Goal #1: Apply network theory to multiple networks and multiple dimensions of information in an attempt to articulate the multidimensionality of information networks.

I knew that the idea of “multidimensionality” had to exist. Thank you Dr. Karine Nahon for tweeting about it.

“…a fully multidimensional network is one that includes multiple types of relations both among the same types of nodes and between different types of nodes. Thus, a fully multidimensional network has multiple types of connections among all possible types of entities.”

Continuing my lust for Dr. Luciano Floridi’s work on the philosophy of information, there are two obvious dimensions of information that I am particularly interested in: the five information classifications and the three aspects of biological information.

Within those two distinct yet completely intertwined dimensions, the nodes, I expect, will become quite complex. I also expect to apply aspects of complex adaptive theory onto, particularly, the aspects of biological information, primarily because complex adaptive systems are used to understand the relationships between social networks.

I expect to apply various aspects of systems science onto the five information classifications. Each of these classifications and my expected sub-classifications of information will makeup nodes; there will be sub-nodes where data that I collect from my research will be plugged in, with the objective of observing the behavior of the multidimensional network.

The objects that I plan on including into this network include specific pieces of semantic media and the people who consume them. I wish to perform analysis on different styles of semantic information. One style will be Wikipedia articles, and another focus will include political news articles. Each of the respective articles will be juxtaposed with the same source of articles, and later I will include additional sources to diversify the research. Eventually I plan on analyzing multiple types of semantic information sources which will greatly complicate the the multidimensional network.

In order to increase the complexity of this multidimensional network, people will also be part of my research. I will juxtapose two additional dimensions: one being the relationships between people and the semantic media that they consume. The second will be the documented retrospective analysis of how this multidimensional network categorizes the same semantic information.

In retrospect I want to further elaborate on relationships, taking care of my applied notion of complexity.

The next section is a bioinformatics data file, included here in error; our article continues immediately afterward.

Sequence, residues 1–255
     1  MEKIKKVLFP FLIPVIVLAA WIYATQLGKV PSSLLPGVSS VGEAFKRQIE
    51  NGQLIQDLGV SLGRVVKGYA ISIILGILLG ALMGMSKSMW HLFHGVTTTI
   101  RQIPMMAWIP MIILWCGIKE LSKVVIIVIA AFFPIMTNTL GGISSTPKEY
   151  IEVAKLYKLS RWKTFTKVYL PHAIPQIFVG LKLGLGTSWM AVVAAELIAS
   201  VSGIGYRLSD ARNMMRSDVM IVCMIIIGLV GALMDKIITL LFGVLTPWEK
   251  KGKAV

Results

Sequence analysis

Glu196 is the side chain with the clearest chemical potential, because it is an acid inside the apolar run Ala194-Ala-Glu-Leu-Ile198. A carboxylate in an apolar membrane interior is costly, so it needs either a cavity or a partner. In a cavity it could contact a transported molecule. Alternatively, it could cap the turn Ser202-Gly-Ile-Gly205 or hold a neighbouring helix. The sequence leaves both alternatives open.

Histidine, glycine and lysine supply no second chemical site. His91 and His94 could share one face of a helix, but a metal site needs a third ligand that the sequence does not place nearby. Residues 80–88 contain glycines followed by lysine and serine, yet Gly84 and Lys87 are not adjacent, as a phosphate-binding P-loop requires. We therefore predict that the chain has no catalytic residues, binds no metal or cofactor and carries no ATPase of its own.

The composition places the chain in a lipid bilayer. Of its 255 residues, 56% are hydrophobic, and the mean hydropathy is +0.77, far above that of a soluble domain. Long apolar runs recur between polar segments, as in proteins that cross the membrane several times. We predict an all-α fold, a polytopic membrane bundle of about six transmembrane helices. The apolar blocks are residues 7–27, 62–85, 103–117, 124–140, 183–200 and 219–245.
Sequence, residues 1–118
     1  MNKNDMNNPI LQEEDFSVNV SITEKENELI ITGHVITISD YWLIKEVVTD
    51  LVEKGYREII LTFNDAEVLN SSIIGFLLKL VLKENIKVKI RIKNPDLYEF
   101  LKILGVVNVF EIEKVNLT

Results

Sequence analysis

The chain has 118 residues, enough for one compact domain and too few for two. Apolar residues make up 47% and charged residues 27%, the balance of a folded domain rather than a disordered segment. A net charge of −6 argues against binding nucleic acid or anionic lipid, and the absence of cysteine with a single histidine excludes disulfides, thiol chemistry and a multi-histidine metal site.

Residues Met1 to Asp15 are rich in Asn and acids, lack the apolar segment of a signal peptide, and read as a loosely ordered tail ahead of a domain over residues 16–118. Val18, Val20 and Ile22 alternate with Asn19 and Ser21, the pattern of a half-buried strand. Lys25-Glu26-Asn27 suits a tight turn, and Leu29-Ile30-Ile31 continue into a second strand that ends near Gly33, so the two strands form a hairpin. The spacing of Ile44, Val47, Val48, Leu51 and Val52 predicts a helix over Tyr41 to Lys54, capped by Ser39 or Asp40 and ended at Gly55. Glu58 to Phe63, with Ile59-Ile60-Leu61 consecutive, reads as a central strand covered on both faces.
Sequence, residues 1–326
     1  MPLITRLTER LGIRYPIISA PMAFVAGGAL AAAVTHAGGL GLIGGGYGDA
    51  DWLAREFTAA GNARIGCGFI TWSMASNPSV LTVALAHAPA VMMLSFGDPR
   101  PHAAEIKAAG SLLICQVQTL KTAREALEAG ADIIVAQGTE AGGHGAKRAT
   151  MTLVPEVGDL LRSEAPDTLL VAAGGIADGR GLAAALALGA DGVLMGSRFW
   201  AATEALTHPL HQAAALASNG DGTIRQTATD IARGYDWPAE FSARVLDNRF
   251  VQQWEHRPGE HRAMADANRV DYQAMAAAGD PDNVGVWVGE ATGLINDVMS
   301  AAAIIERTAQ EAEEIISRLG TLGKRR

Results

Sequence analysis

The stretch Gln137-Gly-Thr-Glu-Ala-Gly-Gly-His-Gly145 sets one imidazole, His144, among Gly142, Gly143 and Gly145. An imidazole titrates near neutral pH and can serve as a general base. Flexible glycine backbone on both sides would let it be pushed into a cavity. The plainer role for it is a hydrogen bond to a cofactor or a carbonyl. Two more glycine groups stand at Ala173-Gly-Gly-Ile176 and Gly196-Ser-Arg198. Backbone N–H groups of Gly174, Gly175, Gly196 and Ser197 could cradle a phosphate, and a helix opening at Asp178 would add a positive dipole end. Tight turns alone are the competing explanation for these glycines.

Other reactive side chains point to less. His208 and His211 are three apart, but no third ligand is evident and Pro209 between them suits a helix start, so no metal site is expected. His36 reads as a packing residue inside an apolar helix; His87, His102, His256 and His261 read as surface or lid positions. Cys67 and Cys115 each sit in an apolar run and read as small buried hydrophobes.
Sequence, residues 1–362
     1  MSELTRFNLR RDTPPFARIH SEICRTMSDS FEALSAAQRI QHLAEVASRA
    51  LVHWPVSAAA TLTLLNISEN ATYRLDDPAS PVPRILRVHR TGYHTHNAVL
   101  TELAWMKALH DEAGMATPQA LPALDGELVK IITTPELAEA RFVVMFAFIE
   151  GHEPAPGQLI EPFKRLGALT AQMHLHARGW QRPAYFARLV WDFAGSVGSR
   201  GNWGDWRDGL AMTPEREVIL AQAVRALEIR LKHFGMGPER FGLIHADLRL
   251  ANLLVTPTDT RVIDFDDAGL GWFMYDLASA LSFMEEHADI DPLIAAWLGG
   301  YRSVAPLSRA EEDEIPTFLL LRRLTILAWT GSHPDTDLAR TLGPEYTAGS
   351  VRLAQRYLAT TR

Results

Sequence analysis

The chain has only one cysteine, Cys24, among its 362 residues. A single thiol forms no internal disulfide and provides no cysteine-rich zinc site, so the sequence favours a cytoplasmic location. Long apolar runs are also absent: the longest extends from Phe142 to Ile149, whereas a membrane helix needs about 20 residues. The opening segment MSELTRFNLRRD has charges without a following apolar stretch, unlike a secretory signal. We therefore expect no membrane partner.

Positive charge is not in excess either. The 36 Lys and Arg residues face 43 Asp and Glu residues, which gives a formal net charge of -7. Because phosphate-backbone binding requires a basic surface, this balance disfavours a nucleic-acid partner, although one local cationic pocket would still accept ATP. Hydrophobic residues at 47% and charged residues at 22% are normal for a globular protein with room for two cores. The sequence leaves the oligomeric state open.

1. information classifications: As independent yet open-loop systems each existing as a node; but as I mentioned, each of these nodes is likely to include multiple sub-nodes.

1.1. general types as they objectively exist and can be meaningfully applied to an information system.

1.2. biologically inferred types of information as they relate to biological organisms with perception and memory.

1.3. see 2.3 below

2. people: As independent yet open-loop systems each existing as a node. Most of my expected data will come from the relationships between information classifications and how they affect people.

2.1 The informee (one who is being informed) will have applied aspects of information retrieval. I expect people to have varying degrees of knowledge about a specific topic as it relates to the piece of semantic media that they consume. I expect that information classifications, especially their relative and perceived value, will change according to their A) prior knowledge and B) expected knowledge.

2.2. The informer (one who is intelligently crafting information from data and/or information).

2.3. Information, misinformation, and disinformation: A distinct sub-project of my work will include the analysis of these three aspects of persuading people. Contrary to communication science, misinformation and/or disinformation are perceived as information until said information can be retrospectively compared to a different yet similar network of information, misinformation, and/or disinformation. I also expect the behavior of the five information classifications to greatly change according to the use of misinformation and disinformation. I further expect, that instead of information, misinformation, and disinformation existing as distinct concepts, that they actually exist on a multidimensional spectrum, much like the lines of species of animals is blurred because of their distinctive evolution.